Manage episode 348735585 series 2381791
Holly Throsby is novelist and musician and whether it’s a three minute folk pop tune or three hundred page novel, she knows how to spin a yarn. Holly’s novels Goodwood and Cedar Valley have been nominated for Ned Kelly, Davitt and Indie book awards and her new novel Clarke is destined to continue the tradition of exploring the warm welcomes, community and dark underbelly of 90’s regional Australia..
In a nondescript street in Clarke (a city since the seventies) Barney Clarke (no relation) is woken by a knock on the door. A veritable platoon of police have arrived to execute a search warrant on his house and backyard.
Next door Leonie observes the police’s arrival, thinking to herself that they are six years too late to help her missing friend Ginny Lawson.
From these simple but compelling beginnings Holly Throsby weaves a story of the lives, community and institutions we come to rely on, and how they too often fall short in protecting those most vulnerable.
Clarke is told through the alternating stories of Leonie and Barney. As the police scour Barney’s rental property for clues to the disappearance of Ginny, we learn that both Leonie and Barney have their own secrets.
Six years earlier Leonie and Ginny were neighbors. Leonie struggled to manage the expectations of her aging mother and awaited the infrequent return of her older sister. Leonie and Ginny would talk over the fence but rarely visited each other. Ginny’s husband wouldn’t allow it; didn’t think it was good for her.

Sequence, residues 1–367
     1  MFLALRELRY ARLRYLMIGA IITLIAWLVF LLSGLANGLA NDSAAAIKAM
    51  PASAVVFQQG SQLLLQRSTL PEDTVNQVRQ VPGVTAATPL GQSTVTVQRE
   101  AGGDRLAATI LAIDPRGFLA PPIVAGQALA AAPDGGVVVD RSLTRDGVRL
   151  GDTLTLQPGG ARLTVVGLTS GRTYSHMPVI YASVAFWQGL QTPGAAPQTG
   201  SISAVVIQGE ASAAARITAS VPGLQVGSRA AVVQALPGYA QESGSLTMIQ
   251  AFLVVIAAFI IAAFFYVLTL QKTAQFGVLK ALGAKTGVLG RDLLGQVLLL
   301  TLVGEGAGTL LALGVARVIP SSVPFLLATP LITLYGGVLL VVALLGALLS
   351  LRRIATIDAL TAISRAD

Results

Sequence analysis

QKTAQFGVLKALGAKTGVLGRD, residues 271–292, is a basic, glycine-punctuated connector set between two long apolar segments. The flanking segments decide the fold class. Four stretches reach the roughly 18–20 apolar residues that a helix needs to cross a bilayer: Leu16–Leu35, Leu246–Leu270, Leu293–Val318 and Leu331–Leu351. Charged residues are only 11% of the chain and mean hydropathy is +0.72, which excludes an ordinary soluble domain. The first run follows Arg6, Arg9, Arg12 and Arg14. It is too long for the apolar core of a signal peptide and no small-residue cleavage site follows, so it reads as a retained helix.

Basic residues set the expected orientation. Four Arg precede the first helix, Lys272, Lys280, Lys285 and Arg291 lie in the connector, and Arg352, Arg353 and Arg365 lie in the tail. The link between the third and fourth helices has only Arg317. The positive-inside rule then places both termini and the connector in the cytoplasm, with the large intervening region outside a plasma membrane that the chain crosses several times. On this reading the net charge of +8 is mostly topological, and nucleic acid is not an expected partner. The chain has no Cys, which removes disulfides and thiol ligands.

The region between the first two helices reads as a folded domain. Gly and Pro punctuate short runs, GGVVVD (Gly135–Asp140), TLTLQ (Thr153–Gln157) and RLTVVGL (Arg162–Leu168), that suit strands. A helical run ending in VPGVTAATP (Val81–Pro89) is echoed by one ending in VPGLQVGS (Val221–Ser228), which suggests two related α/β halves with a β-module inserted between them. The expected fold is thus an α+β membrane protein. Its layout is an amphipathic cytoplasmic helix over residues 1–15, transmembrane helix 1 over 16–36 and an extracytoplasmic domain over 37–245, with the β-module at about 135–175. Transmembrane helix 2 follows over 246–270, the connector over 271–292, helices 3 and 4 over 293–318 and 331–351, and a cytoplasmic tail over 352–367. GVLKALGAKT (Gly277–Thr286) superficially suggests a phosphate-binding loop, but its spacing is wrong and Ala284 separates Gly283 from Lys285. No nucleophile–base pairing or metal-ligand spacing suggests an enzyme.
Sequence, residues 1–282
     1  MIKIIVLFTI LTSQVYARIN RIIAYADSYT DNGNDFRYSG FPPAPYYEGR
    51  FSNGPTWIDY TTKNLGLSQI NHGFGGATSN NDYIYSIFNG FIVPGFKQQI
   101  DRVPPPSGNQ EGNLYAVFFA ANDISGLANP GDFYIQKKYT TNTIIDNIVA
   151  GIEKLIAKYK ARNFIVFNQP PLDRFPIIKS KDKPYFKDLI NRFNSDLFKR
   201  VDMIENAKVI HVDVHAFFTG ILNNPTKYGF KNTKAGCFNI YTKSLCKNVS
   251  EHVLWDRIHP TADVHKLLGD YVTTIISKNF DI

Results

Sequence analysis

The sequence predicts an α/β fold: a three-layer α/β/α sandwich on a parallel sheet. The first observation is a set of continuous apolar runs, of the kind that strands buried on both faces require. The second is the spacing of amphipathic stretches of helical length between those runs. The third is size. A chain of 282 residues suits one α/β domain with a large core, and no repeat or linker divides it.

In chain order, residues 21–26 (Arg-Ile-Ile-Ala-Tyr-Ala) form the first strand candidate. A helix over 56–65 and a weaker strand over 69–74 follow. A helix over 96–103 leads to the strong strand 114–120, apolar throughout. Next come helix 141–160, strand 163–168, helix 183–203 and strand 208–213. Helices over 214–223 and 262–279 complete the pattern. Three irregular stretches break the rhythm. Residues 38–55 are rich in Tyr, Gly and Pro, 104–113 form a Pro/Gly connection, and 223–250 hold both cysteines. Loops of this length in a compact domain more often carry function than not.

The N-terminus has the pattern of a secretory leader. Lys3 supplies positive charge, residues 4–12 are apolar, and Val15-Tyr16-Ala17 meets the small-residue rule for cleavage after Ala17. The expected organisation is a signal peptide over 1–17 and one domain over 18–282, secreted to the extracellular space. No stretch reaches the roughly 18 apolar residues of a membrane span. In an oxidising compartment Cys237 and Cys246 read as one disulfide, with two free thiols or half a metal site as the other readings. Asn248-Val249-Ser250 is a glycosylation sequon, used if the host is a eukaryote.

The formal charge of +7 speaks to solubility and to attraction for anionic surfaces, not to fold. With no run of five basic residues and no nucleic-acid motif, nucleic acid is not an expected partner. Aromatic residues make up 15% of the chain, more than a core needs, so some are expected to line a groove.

Lou was an upstanding member of the community. Successful businessman and member of the local hunting club. They were the picture of the perfect suburban family and everyone thought how devastating it must have been for Lou when one day Ginny simply disappeared.
Across town Barney and Deb had their own picture of suburban idyll. Members of the hiking club and with their boy in high school, Deb and Barney formed the core of a large social circle.
So how is it that now Barney still wears a ring but lives alone. Why does Leonie mother Joe and where did he come from?
Clarke unfolds these stories with the question hanging over how we maintain the relationships that form our communities. Throsby shows us friendships hard won and worked on everyday and acquaintances that rely more on conjecture and hearsay. Into this space she leaves the fate of Ginny as open question; when nobody asks who will ever know the truth?
I love Holly Throsby’s novels for their mystery and for their warmth. Over three books she has crafted the wide expanse of the fictional Gather Region and populated it with people not dissimilar to ourselves. In holding up this mirror she is able to call into question the morals, the values, even the stories that seem fundamental to our sense of ourselves.
Clarke’s central mystery is not just ‘what really happened to Ginny Lawson’ but how it was allowed to happen. An open secret.
A culture of keeping up appearances is called into question and through Barney and Leonie we see a blossoming hope that we are more than the events of our past.
I’m a fan of Clarke and I’d have to say that while the Jacarandas are still purple and the sun’s not too hot, it’s the perfect read for an afternoon sitting in the sun.